Jim sat down with the Spy to talk about the experience of writing the book (including the book’s illustrations), his goal of sharing his Vietnam experience with loved ones, and the therapeutic value that comes with memories rediscovered and documented.

This video is approximately three minutes in length. As noted, this is book is only available from the author. Jim’s email is designs@atlanticbb.net

 

The Road of Photographer Constance Stuart Larrabee: A Conversation with Author Peter Elliott

For those who remember Constance Stuart Larrabee, particularly those living on the Mid-Shore, it will always be gratifying to know that at the very end of her life Constance knew there was a high degree of attention paid to her photography.

While the native South African had been living on the Mid-Shore for more than forty years, she was intentionally reserved on talking about her work as a documentary photographer in the years before marrying a former military attache, Colonel Sterling Loop Larrabee, in 1949. If locals knew anything about Larrabee, it was for her reputation as a successful breeder of Norwich Terriers, not as South Africa’s first female World War Two correspondent. She clearly preferred it that way for reasons still not entirely known.

It was only when she was seventy that a close friend, Ed Maxcy, convinced her to share her portfolio of images from her visits to rural South African villages, the war, the streets of Johannesburg and, later, Tangier Island on the Chesapeake Bay. She began working with such distinguished institutions such as the Corcoran Gallery, Smithsonian’s National Museum of African Art, Yale’s Center for British Art, Washington’s National Museum of Women in the Arts, as well as our own Washington College and Chesapeake Bay Maritime Museum, through much of the eighties and early nineties on several well received exhibitions. All of which gave Larrabee the certain knowledge that her lifetime contribution to photography had been well-noted before she died in 2000.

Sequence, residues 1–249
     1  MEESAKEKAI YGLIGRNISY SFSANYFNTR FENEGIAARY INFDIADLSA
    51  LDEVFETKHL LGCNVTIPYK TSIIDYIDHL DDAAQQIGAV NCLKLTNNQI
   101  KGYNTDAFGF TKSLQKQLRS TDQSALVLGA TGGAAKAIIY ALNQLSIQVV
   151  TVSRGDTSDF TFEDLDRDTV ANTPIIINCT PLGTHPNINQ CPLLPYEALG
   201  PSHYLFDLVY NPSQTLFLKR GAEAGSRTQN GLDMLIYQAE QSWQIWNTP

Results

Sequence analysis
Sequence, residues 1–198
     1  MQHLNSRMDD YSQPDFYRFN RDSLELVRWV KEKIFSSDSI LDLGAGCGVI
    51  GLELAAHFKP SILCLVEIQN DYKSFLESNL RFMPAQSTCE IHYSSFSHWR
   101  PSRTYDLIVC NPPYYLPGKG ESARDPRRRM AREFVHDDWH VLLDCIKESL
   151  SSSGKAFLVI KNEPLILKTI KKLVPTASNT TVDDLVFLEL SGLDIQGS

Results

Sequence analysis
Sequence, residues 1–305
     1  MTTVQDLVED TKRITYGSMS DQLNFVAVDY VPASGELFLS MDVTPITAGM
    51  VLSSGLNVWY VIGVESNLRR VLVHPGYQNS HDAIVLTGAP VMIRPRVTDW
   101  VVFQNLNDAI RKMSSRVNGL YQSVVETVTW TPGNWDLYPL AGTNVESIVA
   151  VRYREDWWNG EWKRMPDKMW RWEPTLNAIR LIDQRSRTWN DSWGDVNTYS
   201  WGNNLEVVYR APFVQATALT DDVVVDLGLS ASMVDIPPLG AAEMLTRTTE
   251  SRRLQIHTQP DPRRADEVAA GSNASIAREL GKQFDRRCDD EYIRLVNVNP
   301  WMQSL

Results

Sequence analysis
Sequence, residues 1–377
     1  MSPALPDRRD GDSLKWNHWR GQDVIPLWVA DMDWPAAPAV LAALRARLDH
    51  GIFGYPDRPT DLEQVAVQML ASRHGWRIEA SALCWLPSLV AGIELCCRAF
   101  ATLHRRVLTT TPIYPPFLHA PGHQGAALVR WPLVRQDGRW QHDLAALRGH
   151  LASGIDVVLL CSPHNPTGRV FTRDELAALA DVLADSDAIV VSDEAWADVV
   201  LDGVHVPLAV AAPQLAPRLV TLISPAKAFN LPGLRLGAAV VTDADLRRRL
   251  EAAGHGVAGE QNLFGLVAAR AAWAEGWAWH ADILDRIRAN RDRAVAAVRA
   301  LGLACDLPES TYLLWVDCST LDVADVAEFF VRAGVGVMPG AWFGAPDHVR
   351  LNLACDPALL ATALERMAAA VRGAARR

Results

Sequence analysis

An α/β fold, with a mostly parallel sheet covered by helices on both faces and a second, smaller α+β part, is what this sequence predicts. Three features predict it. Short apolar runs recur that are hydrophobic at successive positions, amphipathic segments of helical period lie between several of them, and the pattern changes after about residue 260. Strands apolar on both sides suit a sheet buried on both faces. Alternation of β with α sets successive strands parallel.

But for those who have never heard her name, or seen her stunning images, there is good news to be had. Almost twenty years after her passing, fellow South African and author Peter Elliott has just completed a new biography of Larrabee after two years of extensive research.

Elliott, retiring to the South of France after a distinguished career as a London-based corporate attorney, began his new vocation as a writer on history and art, and had stumbled on Larrabee’s war photography while researching South Africa’s role in World War II.

Awed by their composition and warmth, Peter has meticulously tracked down every one of Constance’s documentary projects as well as applied a critical appraisal of her work, including a few myths she created along the way on her technique, in the newly released Constances: One Road to Take: The Life and Photography of Constance Stuart Larrabee published by Cantaloup Press.

Through the wonders of technology, the Spy interviewed Peter via Skype from his home in Languedoc, France to talk about Constance, her photography, and the lasting legacy of her work.

This video is approximately twenty-eight minutes in length. Constance: One Road to Take: The Life and Photography of Constance Stuart Larrabee can be purchased at the Book Plate in Chestertown or on Amazon here.